There’s nothing greater than reaching a destination.
The best thing about hiking, is that you get to enjoy the view along the way. Whether hiking up a mountain, through a local park or to a scenic viewpoint, here is some essential gear for a great, diabetes-friendly, hike.
Staying hydrated is one of the key successes in health for everyone, and especially folks with diabetes. Luckily for you, we wrote a whole article on the best water bottles and other sipping gear.
Another thing to keep in mind is how much water you should bring. Adventure gear company REI published a great guide on how much to bring, replenishing your electrolytes, and how to rehydrate after a hike.
This classic 1L Nalgene water bottle will likely last you a 2-hour hike in moderate weather.
Backpacks are one of the truly most customizable pieces of gear. If you’re not going for a long hike, you may choose something as simple as a drawstring backpack or an old school bag lying around the house. If you’re going for a longer, more involved journey, you’ll need something that holds up to the rigors, and holds all of your gear.
Weight, features, and size are all important factors in choosing the best backpack for you, but making sure that it suits your needs as someone with diabetes is important. Make sure your backpack can accommodate a waterproof insulated container with some cold packs if you’re bringing insulin with you. A waterproof bag is also helpful for carrying your testing supplies, emergency supplies, and any other first aid essentials in case of emergency.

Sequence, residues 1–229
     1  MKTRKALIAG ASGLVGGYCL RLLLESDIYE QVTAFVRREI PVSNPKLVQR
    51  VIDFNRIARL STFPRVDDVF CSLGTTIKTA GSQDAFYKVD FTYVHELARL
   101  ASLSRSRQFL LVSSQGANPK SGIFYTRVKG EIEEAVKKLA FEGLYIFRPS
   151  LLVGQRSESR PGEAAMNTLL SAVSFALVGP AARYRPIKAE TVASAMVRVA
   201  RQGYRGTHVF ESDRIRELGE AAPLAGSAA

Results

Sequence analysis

Foot health is important. Diabetic neuropathy can cause loss of feeling in your feet, making it hard to feel and identify problems like blisters, cuts, and ulcers which can lead to serious complications if not treated. Finding the best shoe for you is key for health, and starting with a proper shoe fitting will help you put the right foot forward.
Like backpacks, this is very much up to the person and the hike. A casual, paved trail walk or hike, a pair of well broken-in tennis shoes might be the perfect pair for you. A hiking boot will offer you good ankle support to avoid any injuries on uneven trails, while a hiking shoe might offer you more flexibility. Take the time to find the best option for you.
Keeping your energy levels and blood sugar numbers up while on the trail is essential. To avoid an emergency, make sure to keep a proper snack in your backpack. Something high in protein, with balanced carbs is a classic choice for a person on the go.
Another thing to keep in mind is ease of snacking. Planning to stop for a picnic? Make sure to pack some utensils and hand sanitizer. Want something you can eat while walking? Protein bar! No matter what you’re noshing on, make sure to pick up after yourself and throw things away in the proper garbage cans whenever you reach civilization again.